The rheology and structure of thermotropic liquid crystalline polymers in extensional flow

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Virginia Tech

The transient shear and elongational flow behavior of HPC EF, G, and HBA/HNA (Vectra A900) have been measured in order to determine the behavior of liquid crystalline polymer systems and to establish whether this behavior is different from that for isotropic flexible-chain polymer melts and isotropic systems of rodlike polymers. In order to accomplish this a rotary clamp extensional rheometer was constructed which is capable of measuring the elongational flow behavior of polymer melts up to 320 °C and which can measure elongational viscosities as low as 1000 Pa's. Tests were conducted on HPC EF at 190 and 210 °C, on HPC G at 200 and 240 °C, and on HBA/HNA at 301 and 320 °C. It was determined that the transient shear stress behavior of the LCP systems scales with strain or alternately, reduced time and that the reduced stress is independent of shear rate over the range of rates investigated. This behavior is different from that for isotropic melts of flexible-chain and rodlike polymers in that the reduced stress for these systems is dependent on deformation rate. The transient elongational viscosity behavior of the LCPs was determined and found to follow linear viscoelastic response at very low strains and then shows mild strain hardening with increasing strain, which is qualitatively similar to the behavior of certain linear polyolefins such as PS and HDPE. From the elongational viscosity behavior determined for both isotropic and anisotropic HPC melts it was found that differences in the melt state can result in qualitative differences in the measured behavior. However, the presence of residual crystallinity in the systems studied makes it uncertain whether the results determined here are general for all LCP systems.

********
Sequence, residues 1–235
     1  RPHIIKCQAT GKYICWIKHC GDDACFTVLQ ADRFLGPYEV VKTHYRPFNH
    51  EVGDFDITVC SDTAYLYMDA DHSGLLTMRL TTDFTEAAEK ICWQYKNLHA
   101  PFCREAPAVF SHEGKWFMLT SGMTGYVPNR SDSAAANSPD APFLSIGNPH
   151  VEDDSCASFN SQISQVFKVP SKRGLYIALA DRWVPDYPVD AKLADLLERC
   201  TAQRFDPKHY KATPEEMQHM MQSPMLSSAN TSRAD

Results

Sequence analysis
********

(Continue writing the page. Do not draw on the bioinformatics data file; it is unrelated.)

The prediction of the Doi theory for both steady and transient shear and elongational flow were calculated in order to establish whether the theory can predict or model the flow behavior of LCPs and to establish whether the elongational flow behavior of LCPs can be predicted from their shear flow behavior. The Doi theory was evaluated with the viscous drag or rod-solvent friction term retained in the equation for the stress tensor. It was found that the Doi theory cannot predict the shear or elongational flow behavior of LCPs with parameters determined only from molecular properties. At the same time, the Doi theory was found to be able to semi-quantitatively model the steady shear viscosity behavior of isotropic and anisotropic systems of rodlike polymers with retention of the viscous drag contribution to the stress tensor. Also, the Doi theory was able to qualitatively model the transient flow behavior of the same systems, though agreement for the anisotropic systems depended on the use of a multidomain average to represent the globally unoriented state of the material at equilibrium. However, the Doi theory was not able to predict the transient elongational flow behavior of either isotropic or anisotropic systems with parameters fit to shear flow data. Furthermore, the predictions of the Doi theory for elongational flow showed only marginal qualitative agreement with the experimentally determined behavior of both isotropic and anisotropic systems.